• Elevating generators, fuel tanks and critical controls to protect from coastal storm surges
    • Replacing existing entry doors with heavy-duty impact-resistant doors

For more information on how to prepare for and respond to hurricane impacts and for a printable checklist to utilize within your water or wastewater utility, please visit the EPA’s site here.

2019 Summer Interns

Tata & Howard is excited to welcome the newest group of summer interns to our team! As a company focused on continued learning, we are thrilled to play a role in teaching the next generation of engineers.  Without delay, please join us in welcoming our new summer team members!

JONATHAN – Marlborough Office

Jonathan is a rising senior at the University of Massachusetts Amherst. He is studying Civil/Environmental Engineering with a focus on water resources.

On campus, Jonathan is the Vice President of Engineers Without Borders, an organization that works to implement water solutions to communities in Africa. He also works in the Engineering Office of Student affairs where he advises engineering students. In addition, Jonathan serves as a student ambassador for engineers looking to study abroad.

Outside of his studies, Jonathan enjoys playing soccer as well as spending time outside with friends and family, be it on the beach or hiking.

This summer, Jonathan hopes to obtain experience in the environmental engineering industry while making connections here at Tata & Howard. He comes to our Marlborough office inspired to provide solutions for people who lack safe drinking water.

MARLEE – Marlborough Office

Joining us for a second summer internship, Marlee is a rising junior at Villanova University. She is studying Civil and Environmental Engineering and will also minor in Sustainability Studies.

She is a member of the Society of Women Engineers (SWE) and serves as a peer mentor for freshman engineering students through the University’s CEER PEERs program. Marlee also is a member of the Kappa Kappa Gamma sorority where she is involved with the Philanthropy Committee.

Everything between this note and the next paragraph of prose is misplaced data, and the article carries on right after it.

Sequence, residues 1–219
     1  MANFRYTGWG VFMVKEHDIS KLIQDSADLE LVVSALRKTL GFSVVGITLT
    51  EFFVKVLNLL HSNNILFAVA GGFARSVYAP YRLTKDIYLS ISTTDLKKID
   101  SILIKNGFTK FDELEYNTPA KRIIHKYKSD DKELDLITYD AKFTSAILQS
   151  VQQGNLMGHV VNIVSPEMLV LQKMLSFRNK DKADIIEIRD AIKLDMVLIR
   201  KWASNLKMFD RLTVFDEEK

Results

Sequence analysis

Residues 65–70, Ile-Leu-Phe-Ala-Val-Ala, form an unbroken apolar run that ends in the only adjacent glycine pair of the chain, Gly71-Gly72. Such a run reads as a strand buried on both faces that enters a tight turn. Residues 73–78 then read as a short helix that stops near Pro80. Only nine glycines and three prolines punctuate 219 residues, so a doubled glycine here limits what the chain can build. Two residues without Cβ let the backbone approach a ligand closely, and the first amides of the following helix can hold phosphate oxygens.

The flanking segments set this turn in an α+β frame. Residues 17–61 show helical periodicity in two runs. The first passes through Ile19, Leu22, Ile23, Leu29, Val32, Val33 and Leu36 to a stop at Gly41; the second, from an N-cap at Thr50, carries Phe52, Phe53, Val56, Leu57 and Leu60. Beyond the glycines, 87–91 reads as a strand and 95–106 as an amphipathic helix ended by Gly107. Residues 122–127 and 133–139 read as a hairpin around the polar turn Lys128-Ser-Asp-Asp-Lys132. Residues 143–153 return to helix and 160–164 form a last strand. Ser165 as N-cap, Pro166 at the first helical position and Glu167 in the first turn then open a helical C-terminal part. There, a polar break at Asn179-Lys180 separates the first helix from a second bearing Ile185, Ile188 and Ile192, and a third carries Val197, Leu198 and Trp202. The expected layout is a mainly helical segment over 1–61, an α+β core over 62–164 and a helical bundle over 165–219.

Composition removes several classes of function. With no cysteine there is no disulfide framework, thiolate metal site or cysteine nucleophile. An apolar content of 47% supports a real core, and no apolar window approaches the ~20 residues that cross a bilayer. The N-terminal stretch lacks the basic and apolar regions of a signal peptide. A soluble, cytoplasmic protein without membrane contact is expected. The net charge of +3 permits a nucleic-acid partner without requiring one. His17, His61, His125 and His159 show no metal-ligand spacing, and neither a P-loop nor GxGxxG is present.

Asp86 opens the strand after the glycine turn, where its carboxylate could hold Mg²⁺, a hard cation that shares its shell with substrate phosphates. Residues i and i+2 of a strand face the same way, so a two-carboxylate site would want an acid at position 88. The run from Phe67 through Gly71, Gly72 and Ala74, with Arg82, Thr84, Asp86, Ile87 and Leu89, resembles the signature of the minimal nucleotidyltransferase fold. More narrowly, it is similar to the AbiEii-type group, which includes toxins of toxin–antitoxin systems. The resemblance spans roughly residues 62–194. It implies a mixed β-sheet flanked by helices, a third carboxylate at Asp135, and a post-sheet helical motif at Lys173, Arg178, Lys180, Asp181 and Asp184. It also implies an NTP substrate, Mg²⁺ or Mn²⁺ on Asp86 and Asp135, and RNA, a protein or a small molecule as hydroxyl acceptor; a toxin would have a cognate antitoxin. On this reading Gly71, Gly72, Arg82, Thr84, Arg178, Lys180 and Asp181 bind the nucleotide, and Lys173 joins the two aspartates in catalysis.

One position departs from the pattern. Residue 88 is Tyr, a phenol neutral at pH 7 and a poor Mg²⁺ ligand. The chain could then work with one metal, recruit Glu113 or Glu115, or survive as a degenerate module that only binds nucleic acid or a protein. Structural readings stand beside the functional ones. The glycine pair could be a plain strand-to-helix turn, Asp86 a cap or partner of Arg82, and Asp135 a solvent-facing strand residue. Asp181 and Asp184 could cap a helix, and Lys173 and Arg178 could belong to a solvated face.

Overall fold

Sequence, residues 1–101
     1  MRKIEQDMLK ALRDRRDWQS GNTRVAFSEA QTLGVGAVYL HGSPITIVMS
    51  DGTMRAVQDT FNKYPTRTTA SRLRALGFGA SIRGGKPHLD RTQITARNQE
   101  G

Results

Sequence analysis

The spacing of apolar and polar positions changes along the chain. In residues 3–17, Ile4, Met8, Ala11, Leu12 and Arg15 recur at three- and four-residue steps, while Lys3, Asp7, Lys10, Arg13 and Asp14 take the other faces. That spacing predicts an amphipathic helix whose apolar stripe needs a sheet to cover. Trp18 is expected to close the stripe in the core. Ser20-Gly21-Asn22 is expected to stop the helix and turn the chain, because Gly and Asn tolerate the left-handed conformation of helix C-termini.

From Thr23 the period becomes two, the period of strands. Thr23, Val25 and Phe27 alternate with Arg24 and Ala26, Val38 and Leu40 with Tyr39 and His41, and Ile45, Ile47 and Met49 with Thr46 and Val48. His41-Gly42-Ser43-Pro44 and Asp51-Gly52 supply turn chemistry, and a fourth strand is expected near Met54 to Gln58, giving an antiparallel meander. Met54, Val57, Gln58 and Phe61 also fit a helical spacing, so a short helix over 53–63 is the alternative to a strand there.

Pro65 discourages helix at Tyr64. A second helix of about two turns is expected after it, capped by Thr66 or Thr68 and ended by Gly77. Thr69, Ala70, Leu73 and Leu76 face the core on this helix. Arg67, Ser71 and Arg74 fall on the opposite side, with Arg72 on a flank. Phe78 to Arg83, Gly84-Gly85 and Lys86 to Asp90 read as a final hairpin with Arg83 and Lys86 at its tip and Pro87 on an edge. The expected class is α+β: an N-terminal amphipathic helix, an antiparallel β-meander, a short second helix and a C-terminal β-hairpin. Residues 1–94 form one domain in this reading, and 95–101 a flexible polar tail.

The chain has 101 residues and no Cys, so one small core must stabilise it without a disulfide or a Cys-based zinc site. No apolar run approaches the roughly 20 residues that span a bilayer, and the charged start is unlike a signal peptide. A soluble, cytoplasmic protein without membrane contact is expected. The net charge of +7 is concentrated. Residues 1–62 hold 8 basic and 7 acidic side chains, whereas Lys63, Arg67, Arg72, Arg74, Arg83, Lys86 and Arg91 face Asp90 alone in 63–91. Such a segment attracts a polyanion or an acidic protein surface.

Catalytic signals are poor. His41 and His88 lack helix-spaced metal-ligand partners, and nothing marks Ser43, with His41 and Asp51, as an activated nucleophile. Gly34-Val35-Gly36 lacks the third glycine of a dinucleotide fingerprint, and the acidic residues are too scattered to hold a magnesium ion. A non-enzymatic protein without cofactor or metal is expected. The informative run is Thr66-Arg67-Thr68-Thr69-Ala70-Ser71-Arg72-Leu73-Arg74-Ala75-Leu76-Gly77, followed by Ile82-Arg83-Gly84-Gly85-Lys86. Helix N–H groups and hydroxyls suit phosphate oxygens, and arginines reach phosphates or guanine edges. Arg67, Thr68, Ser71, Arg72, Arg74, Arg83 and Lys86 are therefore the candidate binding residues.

Marlee is excited to build upon the relationships she built last year with members of the T&H team, and is eager to gain more insight as to how environmental engineering is applied in a consulting setting. Working with our engineers, she is most interested in exploring water quality and helping people gain access to clean water for everyday use.

In her free time, Marlee loves spending time with her friends, listening to music, and reading. This summer, she plans on taking beach trips to Cape Cod, spending time at the lake in Vermont, and enjoying the great outdoors. 

ALEX – Waterbury Office

summer intern alex will be working in the waterbury ct office

Alex attends the University of Connecticut and majors in Environmental Engineering. This summer he will be joining us in our Waterbury, CT office.

During the school year, he serves as a Research Assistant to two professors, and is a member of a bioenergy group on campus. Alex is most interested in water treatment and quality engineering and pipe systems.

In his free time, he enjoys cooking, hiking, and kayaking. When he isn’t in the field with T&H engineers, he will be working at a wedding venue in Portland, CT.

EMILY – Waterbury Office

Summer intern emily - will be workin in waterbury, ct office